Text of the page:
Journal of
Plant Breeding and Crop Science

  • Abbreviation: J. Plant Breed. Crop Sci.
  • Language: English
  • ISSN: 2006-9758
  • DOI: 10.5897/JPBCS
  • Start Year: 2009
  • Published Articles: 409

Variation and association among characters genetically related to yield and yield stability in Coffea canephora genotypes

E. Anim-Kwapong*, G. J. Anim-Kwapong and B. Adomako
Cocoa Research Institute of Ghana, P. O. BOX 8, New Tafo-Akim, Ghana.
Email: [email protected]

  •  Accepted: 12 September 2011
  •  Published: 30 October 2011



Water deficit stress is a main factor determining yield and yield stability in Robusta coffee (Coffea canephora P.). Studies were conducted to identify agronomic traits that offer genetic sources of drought tolerance associated with yields and yield stability. In a nine-year experiment, 18 genotypes were assessed for mean value and variation in three diverse environments, for nine vegetative traits, five reproductive traits and bean yield. Drought tolerance was expressed by a visual scale of leaf scorching from 0 to 5: tolerant – susceptible on the genotypes in 2000 when there was drought, and genetic associations between leaf scorching and the traits established.  Significant interaction (P ≤ 0.05), and location (P ≤ 0.05) effects were observed for leaf scorching scores and all the traits, except stem diameter and diameter of primary branches. Significant (P ≤ 0.05) genotypic effects were also observed for all the traits, except fruits per node. Canopy diameter (Span), number of primary branches per plant (NPB), fruit-set (FS) and bean yield over seven years (MY1-7) were inversely and significantly (P ≤ 0.05) correlated with leaf scorching scores. Span, NPB and FS were also significantly (P ≤ 0.05) correlated with MY1-7. Span was highly correlated with stem diameter, length and diameter of primary branches. Eight genotypes each with high mean performance for (MY1-7) and fruit set (FS), seven for Span, and five for NPB, were among the top 10 genotypes which recorded the lowest leaf scorching scores. The results indicate that, Span and its associated traits, NPB, and FS could be exploited, through indirect selection for superior Coffea canephora genotypes, for direct utilisation or for breeding for adaptation to drought-stress.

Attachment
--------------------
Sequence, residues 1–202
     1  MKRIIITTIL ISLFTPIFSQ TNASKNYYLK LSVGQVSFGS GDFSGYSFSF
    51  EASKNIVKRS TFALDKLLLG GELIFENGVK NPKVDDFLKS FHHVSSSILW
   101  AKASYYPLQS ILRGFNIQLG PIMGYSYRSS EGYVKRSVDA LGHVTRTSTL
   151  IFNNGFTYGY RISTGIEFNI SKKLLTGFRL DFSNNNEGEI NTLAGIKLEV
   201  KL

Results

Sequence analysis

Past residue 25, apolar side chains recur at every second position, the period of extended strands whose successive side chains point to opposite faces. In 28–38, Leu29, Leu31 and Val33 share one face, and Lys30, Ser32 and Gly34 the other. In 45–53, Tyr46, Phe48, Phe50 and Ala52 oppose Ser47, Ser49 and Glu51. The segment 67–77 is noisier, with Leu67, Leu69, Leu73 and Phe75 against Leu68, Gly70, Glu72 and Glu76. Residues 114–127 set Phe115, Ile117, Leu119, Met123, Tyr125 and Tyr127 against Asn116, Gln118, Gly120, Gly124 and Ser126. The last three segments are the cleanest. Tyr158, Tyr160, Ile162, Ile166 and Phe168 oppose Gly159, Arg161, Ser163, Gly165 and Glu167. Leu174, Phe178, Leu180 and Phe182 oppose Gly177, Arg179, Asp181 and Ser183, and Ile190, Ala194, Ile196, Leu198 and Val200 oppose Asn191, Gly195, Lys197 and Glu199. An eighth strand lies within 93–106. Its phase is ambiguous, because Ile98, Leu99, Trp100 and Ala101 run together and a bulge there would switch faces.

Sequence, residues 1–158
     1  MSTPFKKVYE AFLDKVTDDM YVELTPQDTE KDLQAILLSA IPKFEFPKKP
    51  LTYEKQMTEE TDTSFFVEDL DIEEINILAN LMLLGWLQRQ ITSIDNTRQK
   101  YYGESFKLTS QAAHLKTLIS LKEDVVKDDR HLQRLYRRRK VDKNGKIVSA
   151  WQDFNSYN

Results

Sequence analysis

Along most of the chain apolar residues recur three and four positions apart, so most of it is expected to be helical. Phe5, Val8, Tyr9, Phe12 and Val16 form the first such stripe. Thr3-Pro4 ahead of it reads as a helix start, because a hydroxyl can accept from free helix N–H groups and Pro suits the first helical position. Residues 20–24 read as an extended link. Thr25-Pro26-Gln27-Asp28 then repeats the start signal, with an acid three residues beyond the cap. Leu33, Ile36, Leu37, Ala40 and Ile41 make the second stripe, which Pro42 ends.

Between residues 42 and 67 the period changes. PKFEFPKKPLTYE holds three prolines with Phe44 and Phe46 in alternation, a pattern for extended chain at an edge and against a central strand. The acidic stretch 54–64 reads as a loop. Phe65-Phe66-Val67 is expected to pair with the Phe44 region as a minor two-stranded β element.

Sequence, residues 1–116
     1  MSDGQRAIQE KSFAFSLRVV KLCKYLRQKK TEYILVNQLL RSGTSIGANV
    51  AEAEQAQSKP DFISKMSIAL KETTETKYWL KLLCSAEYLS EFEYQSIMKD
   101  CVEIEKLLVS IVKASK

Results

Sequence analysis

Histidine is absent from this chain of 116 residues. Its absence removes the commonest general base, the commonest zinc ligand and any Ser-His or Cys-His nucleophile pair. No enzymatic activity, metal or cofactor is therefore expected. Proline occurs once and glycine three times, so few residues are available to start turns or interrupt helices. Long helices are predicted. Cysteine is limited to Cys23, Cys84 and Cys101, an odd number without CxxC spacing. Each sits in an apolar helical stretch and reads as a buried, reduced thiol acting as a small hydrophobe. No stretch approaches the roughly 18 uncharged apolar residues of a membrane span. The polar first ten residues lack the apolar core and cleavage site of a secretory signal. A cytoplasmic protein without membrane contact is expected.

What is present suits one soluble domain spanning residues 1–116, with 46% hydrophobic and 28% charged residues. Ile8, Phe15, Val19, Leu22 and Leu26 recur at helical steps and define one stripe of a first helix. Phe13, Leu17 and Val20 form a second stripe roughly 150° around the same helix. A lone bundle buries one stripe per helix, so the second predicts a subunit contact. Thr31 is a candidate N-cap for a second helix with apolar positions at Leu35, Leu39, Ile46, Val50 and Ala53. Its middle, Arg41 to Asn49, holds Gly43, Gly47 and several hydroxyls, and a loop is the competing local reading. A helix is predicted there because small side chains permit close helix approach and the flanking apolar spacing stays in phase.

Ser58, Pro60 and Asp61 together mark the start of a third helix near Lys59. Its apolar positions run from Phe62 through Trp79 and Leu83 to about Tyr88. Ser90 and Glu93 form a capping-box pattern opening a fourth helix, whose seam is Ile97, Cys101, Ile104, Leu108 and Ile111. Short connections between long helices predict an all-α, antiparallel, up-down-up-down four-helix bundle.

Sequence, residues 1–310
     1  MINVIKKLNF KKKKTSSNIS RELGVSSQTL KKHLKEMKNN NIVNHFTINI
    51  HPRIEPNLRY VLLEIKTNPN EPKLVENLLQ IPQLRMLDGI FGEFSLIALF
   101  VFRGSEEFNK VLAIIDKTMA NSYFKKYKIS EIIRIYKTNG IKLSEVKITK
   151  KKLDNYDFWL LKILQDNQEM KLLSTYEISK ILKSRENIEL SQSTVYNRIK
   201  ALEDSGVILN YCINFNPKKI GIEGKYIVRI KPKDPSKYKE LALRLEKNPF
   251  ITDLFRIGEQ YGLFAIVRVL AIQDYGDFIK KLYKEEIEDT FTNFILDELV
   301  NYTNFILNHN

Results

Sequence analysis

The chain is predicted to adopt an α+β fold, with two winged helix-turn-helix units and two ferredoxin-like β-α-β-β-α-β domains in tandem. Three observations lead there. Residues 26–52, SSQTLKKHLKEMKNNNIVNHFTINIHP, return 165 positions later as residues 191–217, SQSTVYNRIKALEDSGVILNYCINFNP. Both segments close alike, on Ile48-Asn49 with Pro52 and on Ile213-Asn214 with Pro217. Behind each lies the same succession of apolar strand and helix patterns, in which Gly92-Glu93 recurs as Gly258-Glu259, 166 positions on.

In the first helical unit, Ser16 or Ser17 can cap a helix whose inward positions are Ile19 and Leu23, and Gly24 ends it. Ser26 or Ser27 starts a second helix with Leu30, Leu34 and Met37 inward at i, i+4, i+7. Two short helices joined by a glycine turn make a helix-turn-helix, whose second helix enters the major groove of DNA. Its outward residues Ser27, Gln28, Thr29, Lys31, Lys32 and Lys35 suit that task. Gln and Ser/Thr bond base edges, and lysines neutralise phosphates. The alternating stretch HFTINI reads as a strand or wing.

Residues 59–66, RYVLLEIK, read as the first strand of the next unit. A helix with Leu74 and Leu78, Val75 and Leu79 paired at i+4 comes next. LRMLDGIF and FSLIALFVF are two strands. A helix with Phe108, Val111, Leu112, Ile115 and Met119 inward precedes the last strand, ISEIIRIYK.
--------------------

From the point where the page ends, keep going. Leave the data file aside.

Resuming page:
Key words: Drought tolerance, leaf scorching, agronomic traits, yield, yield stability, genetic correlations, genetic variation, indirect selection, Coffea canephora.